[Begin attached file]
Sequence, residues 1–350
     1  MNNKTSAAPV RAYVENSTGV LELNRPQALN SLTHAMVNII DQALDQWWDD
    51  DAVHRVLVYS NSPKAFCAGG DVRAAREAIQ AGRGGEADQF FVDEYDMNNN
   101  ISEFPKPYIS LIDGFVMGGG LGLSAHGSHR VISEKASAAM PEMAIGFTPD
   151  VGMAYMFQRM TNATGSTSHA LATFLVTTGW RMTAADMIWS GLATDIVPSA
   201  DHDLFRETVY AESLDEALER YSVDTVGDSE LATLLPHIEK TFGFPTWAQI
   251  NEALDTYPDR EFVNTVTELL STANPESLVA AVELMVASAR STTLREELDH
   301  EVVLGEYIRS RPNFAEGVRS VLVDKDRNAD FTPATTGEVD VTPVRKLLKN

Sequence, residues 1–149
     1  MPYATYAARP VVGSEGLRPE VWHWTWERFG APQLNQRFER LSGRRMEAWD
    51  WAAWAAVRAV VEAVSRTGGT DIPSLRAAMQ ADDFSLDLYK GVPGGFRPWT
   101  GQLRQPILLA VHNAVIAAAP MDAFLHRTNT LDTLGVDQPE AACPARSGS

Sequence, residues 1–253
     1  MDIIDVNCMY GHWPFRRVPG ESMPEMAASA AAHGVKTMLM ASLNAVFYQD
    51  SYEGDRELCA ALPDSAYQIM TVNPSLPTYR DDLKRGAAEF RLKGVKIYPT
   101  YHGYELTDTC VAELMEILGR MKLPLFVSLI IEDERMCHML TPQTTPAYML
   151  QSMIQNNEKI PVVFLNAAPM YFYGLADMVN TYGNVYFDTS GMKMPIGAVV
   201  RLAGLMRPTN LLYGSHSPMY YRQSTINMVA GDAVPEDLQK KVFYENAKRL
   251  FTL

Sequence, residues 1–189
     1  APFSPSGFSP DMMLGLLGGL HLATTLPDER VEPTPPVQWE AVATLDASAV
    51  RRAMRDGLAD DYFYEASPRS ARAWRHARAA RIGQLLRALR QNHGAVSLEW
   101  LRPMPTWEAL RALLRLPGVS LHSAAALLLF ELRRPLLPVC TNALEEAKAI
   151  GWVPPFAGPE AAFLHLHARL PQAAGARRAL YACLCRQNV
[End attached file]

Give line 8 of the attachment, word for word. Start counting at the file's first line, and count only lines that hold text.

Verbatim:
   301  EVVLGEYIRS RPNFAEGVRS VLVDKDRNAD FTPATTGEVD VTPVRKLLKN